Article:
There’s also data retention laws in different countries that have ISPs track and collect certain information, such as browsing history or emails, for a set period of time. This can be used by a federal government service or law enforcement to gain insight into cybercrime and terrorist acts. As an example, web browsing history of people under investigation was given to the Australian police under data retention laws (even though this practice had been excluded from legislation) in 2020, as reported by The Guardian.
While using data to stop suspicious activities by malicious users online can be a good thing, your ISP can do a lot more with it. As we know, Edward Snowden leaked NSA documents showcasing its mass surveillance practises, and American telecommunications company Verizon was sharing its customer data with the NSA. Not the best look.
With the amount of user data an ISP gains, it’s easy to see why marketing companies and advertisers want to jump onboard, too. ISPs often strike deals to sell customer data to companies, which is why you may see a very convenient ad about a puppy pop-up (say that three times fast) on a random website after looking at all those cute dog videos. This has become a huge concern, with Apple making a massive push with its App Tracking Transparency privacy tool. Although, some iPhone users opting out of app tracking were reportedly still being tracked by Facebook and Snapchat. Yikes.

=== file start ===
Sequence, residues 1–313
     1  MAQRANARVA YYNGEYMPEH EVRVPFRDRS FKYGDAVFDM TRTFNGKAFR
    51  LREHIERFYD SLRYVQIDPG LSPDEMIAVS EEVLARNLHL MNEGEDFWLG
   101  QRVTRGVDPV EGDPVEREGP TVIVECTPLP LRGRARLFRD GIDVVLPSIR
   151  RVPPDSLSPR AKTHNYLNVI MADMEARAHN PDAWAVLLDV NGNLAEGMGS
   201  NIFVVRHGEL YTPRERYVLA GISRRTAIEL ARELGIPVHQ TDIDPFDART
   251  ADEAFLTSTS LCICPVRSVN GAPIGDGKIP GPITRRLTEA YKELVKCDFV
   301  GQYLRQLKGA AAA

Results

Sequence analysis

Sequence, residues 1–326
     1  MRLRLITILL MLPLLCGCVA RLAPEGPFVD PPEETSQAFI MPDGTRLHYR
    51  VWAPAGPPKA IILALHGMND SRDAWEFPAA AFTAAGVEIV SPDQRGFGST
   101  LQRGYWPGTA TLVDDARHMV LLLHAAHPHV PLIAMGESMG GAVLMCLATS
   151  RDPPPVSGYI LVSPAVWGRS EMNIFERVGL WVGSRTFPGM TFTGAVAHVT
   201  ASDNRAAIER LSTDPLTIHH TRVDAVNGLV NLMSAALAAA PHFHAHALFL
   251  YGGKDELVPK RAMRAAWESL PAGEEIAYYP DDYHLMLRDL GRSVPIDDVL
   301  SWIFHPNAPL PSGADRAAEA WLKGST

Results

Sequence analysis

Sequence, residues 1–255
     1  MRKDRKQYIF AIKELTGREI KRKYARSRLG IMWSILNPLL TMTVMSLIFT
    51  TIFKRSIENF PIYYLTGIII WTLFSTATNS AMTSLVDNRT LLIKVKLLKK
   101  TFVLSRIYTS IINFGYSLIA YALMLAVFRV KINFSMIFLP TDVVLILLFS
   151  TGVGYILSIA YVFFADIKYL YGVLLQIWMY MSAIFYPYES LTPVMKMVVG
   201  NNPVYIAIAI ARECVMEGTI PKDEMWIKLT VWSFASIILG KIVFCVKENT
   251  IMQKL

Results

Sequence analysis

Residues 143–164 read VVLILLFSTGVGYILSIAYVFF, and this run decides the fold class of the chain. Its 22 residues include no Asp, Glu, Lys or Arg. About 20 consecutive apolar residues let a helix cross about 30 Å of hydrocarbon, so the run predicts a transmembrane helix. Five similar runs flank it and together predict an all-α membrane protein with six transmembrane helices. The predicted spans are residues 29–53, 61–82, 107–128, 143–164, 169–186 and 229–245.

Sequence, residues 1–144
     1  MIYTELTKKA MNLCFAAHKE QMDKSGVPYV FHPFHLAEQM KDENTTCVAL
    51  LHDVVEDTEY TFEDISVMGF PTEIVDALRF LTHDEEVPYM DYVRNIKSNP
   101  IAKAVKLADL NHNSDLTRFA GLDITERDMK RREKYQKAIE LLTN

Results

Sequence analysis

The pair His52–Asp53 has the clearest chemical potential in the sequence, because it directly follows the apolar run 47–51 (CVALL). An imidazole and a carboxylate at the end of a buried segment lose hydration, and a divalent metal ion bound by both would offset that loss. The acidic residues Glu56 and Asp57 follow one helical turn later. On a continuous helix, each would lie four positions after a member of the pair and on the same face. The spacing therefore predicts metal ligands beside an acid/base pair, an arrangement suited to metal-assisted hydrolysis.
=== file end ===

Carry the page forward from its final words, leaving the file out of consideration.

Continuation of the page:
Many companies will state that allowing your data to be tracked for advertising offers ads more relevant to you. However, knowing that everything you do online is being watched for potential use as a marketing ploy can feel, well, creepy. Especially if you’re being profiled without your knowledge.
What your ISP knows about you
The real question is, what doesn’t your ISP know? These services could potentially find out everything about you, from the content of your emails to all your shopping habits. While many don’t snoop around as much, or at least say they don’t, they could all be one whistleblow away from showing us what they’re up to.